Wednesday, December 14, 2011

Hezbollah’s Hypocritical Resistance

N Y Times

"SINCE the mid-1980s, the militant groups Hezbollah and Hamas have tirelessly pursued armed resistance against Israel in the name of liberating Palestine — often with enormous Arab popular support.

But when a so-called resistance movement fails to support a bottom-up popular revolt against a tyrant, its leaders expose themselves as hypocrites.

That is precisely what is happening to Hezbollah. Faced with the Syrian people’s uprising against President Bashar al-Assad and a democratic tsunami sweeping the Middle East, Hezbollah’s alignment with Mr. Assad is destroying its reputation across the Arab world.

The Syrian masses who once worshiped the Hezbollah leader Hassan Nasrallah today curse him when they parade in public squares. The posters of Mr. Assad and Mr. Nasrallah that once adorned car windows and walls throughout Syria are now regularly torched.

Until recently, Mr. Nasrallah, a Shiite, was a pan-Arab icon. His standing as Hezbollah’s chairman and commander of the 2006 war against Israel elevated him to new heights of popularity among Shiites and Sunnis alike, reminiscent of the former Egyptian president Gamal Abdel Nasser’s political stardom following the nationalization of the Suez Canal in 1956.....His fans were in the millions. The Arab multitude from Casablanca to Mecca saw him as a genuine hero who talked the talk and fought the good fight.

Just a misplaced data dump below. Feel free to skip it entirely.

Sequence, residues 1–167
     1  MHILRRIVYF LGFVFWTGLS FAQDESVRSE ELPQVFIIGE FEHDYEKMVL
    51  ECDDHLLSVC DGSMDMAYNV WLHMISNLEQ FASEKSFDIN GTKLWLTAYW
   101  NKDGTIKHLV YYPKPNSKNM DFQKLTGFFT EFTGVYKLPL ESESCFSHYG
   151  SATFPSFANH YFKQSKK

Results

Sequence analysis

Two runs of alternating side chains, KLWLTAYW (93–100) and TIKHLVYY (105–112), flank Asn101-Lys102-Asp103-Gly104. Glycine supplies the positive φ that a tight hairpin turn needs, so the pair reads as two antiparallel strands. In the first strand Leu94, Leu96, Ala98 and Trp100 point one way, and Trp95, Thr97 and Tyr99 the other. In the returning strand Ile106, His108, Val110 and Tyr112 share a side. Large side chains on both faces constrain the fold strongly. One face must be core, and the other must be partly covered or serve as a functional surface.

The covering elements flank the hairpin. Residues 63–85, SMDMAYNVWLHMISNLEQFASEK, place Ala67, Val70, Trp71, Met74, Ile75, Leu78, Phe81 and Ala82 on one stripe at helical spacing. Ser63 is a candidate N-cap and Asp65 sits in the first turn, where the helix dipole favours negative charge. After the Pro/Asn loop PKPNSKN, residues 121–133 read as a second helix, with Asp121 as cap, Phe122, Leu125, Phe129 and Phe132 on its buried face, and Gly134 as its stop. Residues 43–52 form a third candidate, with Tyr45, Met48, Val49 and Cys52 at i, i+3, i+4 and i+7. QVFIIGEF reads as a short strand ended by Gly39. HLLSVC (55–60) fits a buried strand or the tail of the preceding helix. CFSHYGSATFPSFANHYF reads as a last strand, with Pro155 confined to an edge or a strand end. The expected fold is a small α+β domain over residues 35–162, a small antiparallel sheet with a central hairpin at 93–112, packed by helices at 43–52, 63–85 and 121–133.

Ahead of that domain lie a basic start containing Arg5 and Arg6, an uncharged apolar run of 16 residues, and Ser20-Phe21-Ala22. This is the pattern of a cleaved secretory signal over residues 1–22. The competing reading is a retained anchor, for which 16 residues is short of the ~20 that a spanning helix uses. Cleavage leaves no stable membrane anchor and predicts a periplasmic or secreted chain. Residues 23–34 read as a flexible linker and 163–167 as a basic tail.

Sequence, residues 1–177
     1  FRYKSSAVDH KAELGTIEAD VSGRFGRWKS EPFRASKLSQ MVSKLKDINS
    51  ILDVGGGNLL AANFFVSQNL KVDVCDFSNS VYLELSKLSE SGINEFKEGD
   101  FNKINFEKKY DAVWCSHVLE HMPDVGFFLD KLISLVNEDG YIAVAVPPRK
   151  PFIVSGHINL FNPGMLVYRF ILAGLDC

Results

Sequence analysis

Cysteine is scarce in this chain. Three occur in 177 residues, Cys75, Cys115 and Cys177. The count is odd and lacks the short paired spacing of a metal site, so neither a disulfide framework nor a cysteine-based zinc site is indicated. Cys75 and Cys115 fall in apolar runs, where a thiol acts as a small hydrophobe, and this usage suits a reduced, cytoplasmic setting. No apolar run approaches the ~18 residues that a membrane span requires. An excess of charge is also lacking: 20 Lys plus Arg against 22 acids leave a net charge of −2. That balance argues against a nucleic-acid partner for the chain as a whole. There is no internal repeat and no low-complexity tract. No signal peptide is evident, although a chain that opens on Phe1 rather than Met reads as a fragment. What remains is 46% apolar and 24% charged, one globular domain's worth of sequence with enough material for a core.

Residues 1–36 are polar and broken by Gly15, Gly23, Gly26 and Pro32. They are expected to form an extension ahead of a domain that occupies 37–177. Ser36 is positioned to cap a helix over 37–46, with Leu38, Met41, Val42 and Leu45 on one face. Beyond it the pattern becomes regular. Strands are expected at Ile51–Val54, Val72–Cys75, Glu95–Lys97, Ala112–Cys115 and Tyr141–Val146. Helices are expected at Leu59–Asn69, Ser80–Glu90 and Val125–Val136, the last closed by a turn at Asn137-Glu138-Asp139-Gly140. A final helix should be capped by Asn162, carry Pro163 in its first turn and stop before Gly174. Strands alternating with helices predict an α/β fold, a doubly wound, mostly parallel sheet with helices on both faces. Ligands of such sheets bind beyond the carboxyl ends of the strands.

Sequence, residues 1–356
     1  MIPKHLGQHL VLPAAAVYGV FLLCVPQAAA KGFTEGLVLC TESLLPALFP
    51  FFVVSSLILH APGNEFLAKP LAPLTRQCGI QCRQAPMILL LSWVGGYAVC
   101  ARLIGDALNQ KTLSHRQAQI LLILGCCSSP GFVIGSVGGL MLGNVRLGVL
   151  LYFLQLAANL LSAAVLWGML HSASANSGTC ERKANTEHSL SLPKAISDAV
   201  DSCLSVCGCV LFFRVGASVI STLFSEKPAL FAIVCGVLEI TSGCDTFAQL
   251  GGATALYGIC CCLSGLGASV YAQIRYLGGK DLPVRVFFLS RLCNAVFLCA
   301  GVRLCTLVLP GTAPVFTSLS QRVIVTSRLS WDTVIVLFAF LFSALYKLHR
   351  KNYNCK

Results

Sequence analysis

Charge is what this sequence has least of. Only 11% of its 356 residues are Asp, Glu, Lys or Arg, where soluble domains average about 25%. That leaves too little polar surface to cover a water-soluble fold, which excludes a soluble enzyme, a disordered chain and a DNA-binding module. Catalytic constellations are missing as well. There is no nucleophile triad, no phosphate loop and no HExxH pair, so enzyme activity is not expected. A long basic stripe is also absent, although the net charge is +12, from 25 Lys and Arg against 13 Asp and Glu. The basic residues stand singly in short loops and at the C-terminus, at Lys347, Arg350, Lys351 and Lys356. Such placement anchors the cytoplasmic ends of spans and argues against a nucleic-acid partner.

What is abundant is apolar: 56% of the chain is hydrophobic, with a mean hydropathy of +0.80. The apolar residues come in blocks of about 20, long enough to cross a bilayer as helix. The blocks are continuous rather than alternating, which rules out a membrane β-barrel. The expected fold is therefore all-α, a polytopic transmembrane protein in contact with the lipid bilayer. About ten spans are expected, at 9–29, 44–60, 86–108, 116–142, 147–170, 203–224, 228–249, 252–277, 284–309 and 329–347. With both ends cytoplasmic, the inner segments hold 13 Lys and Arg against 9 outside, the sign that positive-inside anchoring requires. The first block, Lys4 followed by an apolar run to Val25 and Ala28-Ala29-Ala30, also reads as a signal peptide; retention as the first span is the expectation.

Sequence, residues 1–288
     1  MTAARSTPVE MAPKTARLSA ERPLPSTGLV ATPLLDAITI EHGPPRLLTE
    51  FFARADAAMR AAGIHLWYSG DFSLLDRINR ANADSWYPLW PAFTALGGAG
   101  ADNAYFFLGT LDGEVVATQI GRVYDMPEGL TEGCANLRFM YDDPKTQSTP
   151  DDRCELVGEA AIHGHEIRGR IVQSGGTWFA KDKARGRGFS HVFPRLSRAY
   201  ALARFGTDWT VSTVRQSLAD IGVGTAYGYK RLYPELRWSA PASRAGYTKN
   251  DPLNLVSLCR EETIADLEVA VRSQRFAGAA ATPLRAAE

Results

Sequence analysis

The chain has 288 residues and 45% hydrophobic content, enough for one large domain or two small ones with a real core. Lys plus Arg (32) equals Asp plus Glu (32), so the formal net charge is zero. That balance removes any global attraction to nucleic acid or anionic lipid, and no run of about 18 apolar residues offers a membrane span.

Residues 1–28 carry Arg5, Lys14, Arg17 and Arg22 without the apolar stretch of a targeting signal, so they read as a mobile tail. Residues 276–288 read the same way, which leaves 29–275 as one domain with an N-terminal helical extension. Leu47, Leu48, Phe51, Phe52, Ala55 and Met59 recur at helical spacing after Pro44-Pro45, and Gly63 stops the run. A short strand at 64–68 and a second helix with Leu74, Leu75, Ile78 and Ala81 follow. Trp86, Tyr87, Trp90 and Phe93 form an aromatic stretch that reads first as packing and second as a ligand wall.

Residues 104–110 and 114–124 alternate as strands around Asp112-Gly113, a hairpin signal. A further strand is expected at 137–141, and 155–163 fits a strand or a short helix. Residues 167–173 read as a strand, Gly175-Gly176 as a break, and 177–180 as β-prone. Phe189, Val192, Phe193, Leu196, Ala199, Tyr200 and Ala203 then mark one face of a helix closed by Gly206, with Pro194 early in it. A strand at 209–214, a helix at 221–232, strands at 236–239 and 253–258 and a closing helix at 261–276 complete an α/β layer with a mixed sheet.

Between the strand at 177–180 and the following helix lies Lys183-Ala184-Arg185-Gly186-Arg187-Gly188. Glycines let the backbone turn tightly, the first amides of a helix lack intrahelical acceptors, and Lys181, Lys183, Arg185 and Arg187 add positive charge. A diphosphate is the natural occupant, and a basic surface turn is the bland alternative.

But when such a wildly popular resistance movement abandons the ideal, much less the practice, of liberation in support of tyranny, it loses credibility with the public....

Syrians, in Mr. Nasrallah’s eyes, apparently, do not deserve democracy because that would mean the downfall of Hezbollah’s patron in Damascus, not to mention the destruction of the “axis of resistance” that reaches from southern Beirut to Syria and Iran.

Hezbollah’s fellow “resistance” movement, Hamas, has been more politically savvy. It has adapted to the new political landscape, navigating the uncharted territory of the Syrian uprising by impressing onlookers by what it didn’t do and say rather than what it did or said.....

Meanwhile, resisting the Syrian people’s resistance has steadily darkened Hezbollah’s prospects as a popular movement throughout the region.

In a speech last week, Mr. Nasrallah vowed to continue supporting the Syrian regime while commemorating the martyrdom of the venerated Shiite Imam Hussein ibn Ali during the battle of Karbala in the year 680.

But Mr. Nasrallah forgets that before his death Imam Hussein lamented that living under the tyranny of the Damascus-based Umayyad Caliphate was a great sorrowa message that seems to have been lost on Hezbollah today.

Blind to his present political predicament, Mr. Nasrallah has instead declared that Hezbollah will never allow the ouster of Mr. Assad.

Luckily for the Syrian people, that choice is not Mr. Nasrallah’s. "

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